MADISON, Wis. — With salacious felony child enticement and embezzlement charges swirling around former close associates, Wisconsin Gov. Scott Walker is doing his best to stay above the fray and hope an ongoing criminal investigation doesn't hit any closer to home.
The charges come less than two weeks before organizers of an effort to recall Walker from office plan to turn in more than 500,000 signatures to trigger the election.
The prosecutor leading the investigation refused to take questions when he laid them out, making clear the probe is ongoing.
That's got to make Walker nervous.
It also sends a signal other charges may be coming.
While the allegations did ensnare people close to Walker – one of those charged with embezzlement was his former deputy chief of staff while he was Milwaukee County executive and the other was a Walker appointee – the governor himself has not been charged with any wrongdoing.
"At this stage, there is a good bit of distance there," said Charles Franklin, a visiting professor of law and public policy at Marquette Law School. "That said, the question is where does the investigation go?"
Walker is optimistic the investigation, which centers on people who served during Walker's time leading the county, won't have much effect on voters.
"In terms of the recall, obviously anyone can try and twist things, but I – in the end – think people will realize it was my office at the time that brought this to the attention of the district attorney's office," Walker said Thursday.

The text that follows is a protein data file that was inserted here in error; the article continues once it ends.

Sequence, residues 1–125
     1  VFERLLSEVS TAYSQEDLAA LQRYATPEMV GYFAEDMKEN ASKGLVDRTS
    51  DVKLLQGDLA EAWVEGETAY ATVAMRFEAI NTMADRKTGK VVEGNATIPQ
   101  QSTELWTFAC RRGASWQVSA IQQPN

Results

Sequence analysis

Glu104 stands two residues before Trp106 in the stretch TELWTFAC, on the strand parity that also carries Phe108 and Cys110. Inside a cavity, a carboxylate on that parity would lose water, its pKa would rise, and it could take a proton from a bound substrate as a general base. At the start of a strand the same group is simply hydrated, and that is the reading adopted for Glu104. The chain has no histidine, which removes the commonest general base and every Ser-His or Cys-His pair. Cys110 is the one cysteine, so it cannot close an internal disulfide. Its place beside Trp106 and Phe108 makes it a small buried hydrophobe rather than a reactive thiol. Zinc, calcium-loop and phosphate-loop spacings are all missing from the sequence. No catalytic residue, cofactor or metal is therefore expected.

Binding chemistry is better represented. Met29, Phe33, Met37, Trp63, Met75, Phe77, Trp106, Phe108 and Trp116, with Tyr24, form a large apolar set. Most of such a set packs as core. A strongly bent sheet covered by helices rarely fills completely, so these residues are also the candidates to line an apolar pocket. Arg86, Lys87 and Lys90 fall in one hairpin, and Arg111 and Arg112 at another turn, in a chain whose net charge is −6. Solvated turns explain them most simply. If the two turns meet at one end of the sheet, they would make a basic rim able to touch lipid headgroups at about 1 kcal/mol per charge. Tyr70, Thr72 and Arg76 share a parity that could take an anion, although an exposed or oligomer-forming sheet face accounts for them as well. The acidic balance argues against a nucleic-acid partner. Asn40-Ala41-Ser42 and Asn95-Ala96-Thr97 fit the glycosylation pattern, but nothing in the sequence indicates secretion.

Walker's then-chief of staff did alert investigators in 2009 to concerns about missing money tied to an annual veterans recognition event. But Walker said he had no idea aide Tim Russell also was allegedly stealing. Russell's longtime domestic partner, Brian Pierick, also was charged with felony child enticement after phones and computers seized showed he was trying to lure a 17-year-old into his van.
One of the user names prosecutors said either Russell or Pierick used to download suspected child pornography was "Walker04."
Wisconsin Democratic Party Chairman Mike Tate said Friday that Walker was conducting a "master class in obfuscation" with how he has portrayed the investigation and his involvement with it.
"This criminal corruption probe is circling closer and closer to the office of Scott Walker," Tate said.
At the very least, the news is a distraction as Walker faces a recall effort just one year into his first term.
He has become a national conservative hero for taking on public sector unions and winning. On the morning the charges were announced, Walker was touting the concessions he forced during an appearance at Washington-based conservative think tank the American Enterprise Institute for Public Policy Research.
Walker, who reported raising more than $5 million last year with about half of it coming from outside Wisconsin, also expressed confidence he would prevail in the recall.
"I don't plan on losing," Walker said at the event. "But I'm not afraid to lose."